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March Discussions > The Drawing of the Dark by Tim Powers March 2012

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message 1: by [deleted user] (new)

Its time for a new month and a new fantasy selection ... I haven't started this yet, i'm deep into an anthology with a great story arc and have to finish this story line before starting something new .....

But in the meantime, tell me what you you've found in this book .... is it gold?


message 2: by [deleted user] (new)

I wouldn't say gold: somewhere above bronze and verging into silver territory. There should be a name for that alloy, at least for literary terms.

I enjoyed the details and pacing which are slower than a lot of contemporary fiction. The setting is our world, albeit 1529 with magic. In some way this could be called a cross between historical fiction and a pre-cursor to Urban Fantasy without the any annoying sequels.

And there is magic beer. You've got to love magic beer.


message 3: by [deleted user] (new)

Magic beer is good


message 4: by Donna (new)

Donna (donnahr) I finished the book yesterday and felt it was a 3.5 star book. It is an interesting blend of history and fantasy and I enjoyed the slow unfolding of the story. I liked how Powers wove the fantastical elements into the story. The ending felt a bit anti-climatic to me; I'm not quite sure what was missing, I just felt like I wanted more of something.

I'm with Greg in that I appreciated it as a self-contained story with no sequels. I definitely thought it was worthwhile read.


message 5: by Jeannette (new)

Jeannette Westlake | 19 comments Greg wrote: "I wouldn't say gold: somewhere above bronze and verging into silver territory. There should be a name for that alloy, at least for literary terms.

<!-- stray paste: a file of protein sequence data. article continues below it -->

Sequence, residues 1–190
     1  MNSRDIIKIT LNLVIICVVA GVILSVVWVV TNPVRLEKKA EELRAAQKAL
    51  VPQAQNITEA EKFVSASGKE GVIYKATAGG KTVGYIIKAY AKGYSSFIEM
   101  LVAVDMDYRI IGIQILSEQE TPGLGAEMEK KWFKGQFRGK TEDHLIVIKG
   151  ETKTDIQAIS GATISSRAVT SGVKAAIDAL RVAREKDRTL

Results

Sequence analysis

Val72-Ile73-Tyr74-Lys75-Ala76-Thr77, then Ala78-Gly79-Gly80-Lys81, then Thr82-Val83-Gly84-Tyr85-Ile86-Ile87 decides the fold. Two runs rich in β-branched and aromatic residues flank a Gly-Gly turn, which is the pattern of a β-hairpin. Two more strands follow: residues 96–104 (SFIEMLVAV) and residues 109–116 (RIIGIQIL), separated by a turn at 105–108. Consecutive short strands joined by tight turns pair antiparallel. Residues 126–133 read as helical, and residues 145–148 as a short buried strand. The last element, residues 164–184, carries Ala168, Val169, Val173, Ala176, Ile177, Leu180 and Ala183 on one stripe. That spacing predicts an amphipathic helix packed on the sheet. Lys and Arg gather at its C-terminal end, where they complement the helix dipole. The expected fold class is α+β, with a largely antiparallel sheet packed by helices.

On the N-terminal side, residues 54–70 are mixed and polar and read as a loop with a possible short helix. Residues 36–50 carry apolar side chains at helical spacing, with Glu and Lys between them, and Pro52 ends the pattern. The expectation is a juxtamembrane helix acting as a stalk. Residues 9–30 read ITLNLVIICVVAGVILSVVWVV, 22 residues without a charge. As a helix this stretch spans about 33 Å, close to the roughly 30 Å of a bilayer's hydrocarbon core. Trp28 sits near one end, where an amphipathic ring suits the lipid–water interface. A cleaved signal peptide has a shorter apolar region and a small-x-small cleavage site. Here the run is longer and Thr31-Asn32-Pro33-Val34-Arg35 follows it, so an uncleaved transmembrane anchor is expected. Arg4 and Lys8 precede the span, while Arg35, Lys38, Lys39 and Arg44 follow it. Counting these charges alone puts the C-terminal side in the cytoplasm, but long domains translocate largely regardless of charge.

I think that either "billon" or "shibuichi" would be appropriate designations for something that was somewhere between bronze and sliver.

The Drawing of the Dark might be silver, or it might be shibuichi - really appreciating Tim Powers depends somewhat on my mood - but The Anubis Gates is pure, although utterly strange, gold.


message 6: by Lee (new)

Lee McAulay (lee_mcaulay) | 1 comments This is one of my favourite books - one of my go-to books, and my favourite Tim Powers (although Declare">Declare runs it a close second).
This isn't a book about youngsters; the characters are mature, with baggage and physical weaknesses, and they make mistakes.
This isn't a book about beer; the story is steeped in mythology and history and whether true heroes return when they're needed.
This isn't a book to be sipped; you need to take a good deep draught of it, and then go back for a refill.
It has its flaws, of course, mainly unsatisfying plot elements which on multiple readings have become like quirky old friends but a couple of times on my first reading of the book I remember thinking "Surely that has to happen? Soon? Maybe?" I'm not sure whether Mr Powers was edited too harshly or if he decided to play a game with his readers. Still a good story, though.
I recommend you read The Drawing Of The Dark before you read any of his Californian books (Last Call, Expiration Date, etc).


message 7: by G.l. (new)

G.l. Jones | 2 comments This is one of my favorite books from my misspent youth. I am way late to add this comment, but what the heck. I didn't think there was anybody out there who had even read it, or heard of it. So imagine my shock when I saw this thread. At any rate, I might go pull this off the shelf, dust it off, and dive in.


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